## 23 September 2009

### Speed of Sound

Does the speed of sound change with elevation?

Yes it does is the short answer but because I learned from my father that is never the way to answer here are the details.

The basic formula for finding the speed of sound is:
$c = \sqrt {\kappa \cdot R\cdot T}$

• R (287.05 J/(kg·K) for air) is the gas constant for air
• κ (kappa) is the adiabatic index (1.402 for air)
• T is the absolute temperature in kelvins
As can be seen by this the only thing that changes is temperature. As the temperature is lower the speed of sound is slower. This is the primary reason that sound is slower at higher elevations, the air is cooler there.

Just some examples the speed of sound at sea level is about 760 miles per hour and it is about 660 miles for an airplane.

Now what about sound through a solid object?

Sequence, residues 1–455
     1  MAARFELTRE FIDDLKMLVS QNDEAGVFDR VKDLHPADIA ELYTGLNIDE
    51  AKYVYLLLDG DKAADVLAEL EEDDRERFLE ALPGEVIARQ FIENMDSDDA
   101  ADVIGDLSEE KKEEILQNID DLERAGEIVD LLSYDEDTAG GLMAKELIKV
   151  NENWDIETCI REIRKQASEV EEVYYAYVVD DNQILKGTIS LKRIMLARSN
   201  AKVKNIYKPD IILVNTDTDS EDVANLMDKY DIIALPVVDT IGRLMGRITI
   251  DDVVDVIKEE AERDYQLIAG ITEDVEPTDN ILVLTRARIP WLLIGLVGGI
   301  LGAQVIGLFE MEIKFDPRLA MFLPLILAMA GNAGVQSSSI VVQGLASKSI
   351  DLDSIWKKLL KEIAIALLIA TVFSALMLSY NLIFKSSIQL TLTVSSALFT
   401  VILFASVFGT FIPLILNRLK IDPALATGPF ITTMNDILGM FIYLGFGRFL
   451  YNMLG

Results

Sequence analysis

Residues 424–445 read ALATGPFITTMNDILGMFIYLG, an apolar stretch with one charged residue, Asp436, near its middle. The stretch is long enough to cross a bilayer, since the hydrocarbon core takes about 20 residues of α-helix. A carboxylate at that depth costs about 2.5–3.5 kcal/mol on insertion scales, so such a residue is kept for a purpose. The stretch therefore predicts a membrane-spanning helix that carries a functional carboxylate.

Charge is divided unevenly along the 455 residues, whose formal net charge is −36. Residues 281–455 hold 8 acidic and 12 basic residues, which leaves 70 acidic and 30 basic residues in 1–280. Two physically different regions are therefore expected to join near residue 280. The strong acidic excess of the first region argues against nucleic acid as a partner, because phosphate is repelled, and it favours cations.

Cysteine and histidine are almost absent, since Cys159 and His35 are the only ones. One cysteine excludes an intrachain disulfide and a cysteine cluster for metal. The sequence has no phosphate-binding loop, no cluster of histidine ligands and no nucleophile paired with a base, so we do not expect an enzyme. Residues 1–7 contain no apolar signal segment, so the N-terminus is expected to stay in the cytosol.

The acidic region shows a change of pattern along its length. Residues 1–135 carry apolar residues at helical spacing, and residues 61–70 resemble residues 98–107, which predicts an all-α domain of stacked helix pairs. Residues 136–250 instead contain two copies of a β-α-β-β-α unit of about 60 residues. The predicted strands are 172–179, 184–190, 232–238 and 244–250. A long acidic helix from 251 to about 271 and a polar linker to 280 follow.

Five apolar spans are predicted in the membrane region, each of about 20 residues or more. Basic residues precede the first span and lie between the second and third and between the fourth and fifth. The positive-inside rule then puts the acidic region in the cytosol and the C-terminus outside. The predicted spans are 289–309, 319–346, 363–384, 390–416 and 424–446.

The stiffness and density of the material will affect the speed. Stiffness will will increase the speed and density will slow it down. This can make the calculations complicated. Here is the basic formula used to calculate the speed through solid materials:
$c = \sqrt{\frac{C}{\rho}}$
C is a coefficient of stiffness
ρ is the density
There are other variations of this formula to calculate for liquids and gases.

Most of the information for this post was obtained from:

http://en.wikibooks.org/wiki/Acoustics/Sound_Speed

http://www.engineeringtoolbox.com/speed-sound-d_82.html

There is also a great slide show that has some examples and video of sound and speed: http://www.slideshare.net/darrella/speed-of-sound